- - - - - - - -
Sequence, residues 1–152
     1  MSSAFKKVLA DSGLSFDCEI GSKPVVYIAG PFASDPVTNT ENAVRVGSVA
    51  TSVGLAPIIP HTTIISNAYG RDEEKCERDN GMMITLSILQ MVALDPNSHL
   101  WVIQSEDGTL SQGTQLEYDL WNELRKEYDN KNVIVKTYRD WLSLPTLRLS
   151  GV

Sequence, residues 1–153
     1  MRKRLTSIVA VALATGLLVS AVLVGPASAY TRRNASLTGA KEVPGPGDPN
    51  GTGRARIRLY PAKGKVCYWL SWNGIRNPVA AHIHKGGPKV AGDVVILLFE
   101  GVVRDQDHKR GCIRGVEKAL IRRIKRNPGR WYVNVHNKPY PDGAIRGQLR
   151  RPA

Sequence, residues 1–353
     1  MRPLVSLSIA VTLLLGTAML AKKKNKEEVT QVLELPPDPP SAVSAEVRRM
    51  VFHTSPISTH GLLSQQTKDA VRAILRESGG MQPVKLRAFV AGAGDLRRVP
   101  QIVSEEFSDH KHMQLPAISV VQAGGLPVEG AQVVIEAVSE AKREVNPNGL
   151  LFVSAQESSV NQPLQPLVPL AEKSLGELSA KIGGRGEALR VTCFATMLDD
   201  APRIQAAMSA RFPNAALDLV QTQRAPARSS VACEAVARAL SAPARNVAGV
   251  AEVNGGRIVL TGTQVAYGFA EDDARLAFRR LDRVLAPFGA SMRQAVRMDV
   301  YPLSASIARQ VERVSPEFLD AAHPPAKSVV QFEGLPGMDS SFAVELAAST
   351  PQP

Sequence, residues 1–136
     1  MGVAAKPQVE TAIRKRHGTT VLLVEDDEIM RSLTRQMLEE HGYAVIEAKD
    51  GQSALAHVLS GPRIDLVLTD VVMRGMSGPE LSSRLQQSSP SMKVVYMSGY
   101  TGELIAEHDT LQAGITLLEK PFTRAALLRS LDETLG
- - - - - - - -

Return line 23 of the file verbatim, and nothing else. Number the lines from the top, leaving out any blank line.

   101  TGELIAEHDT LQAGITLLEK PFTRAALLRS LDETLG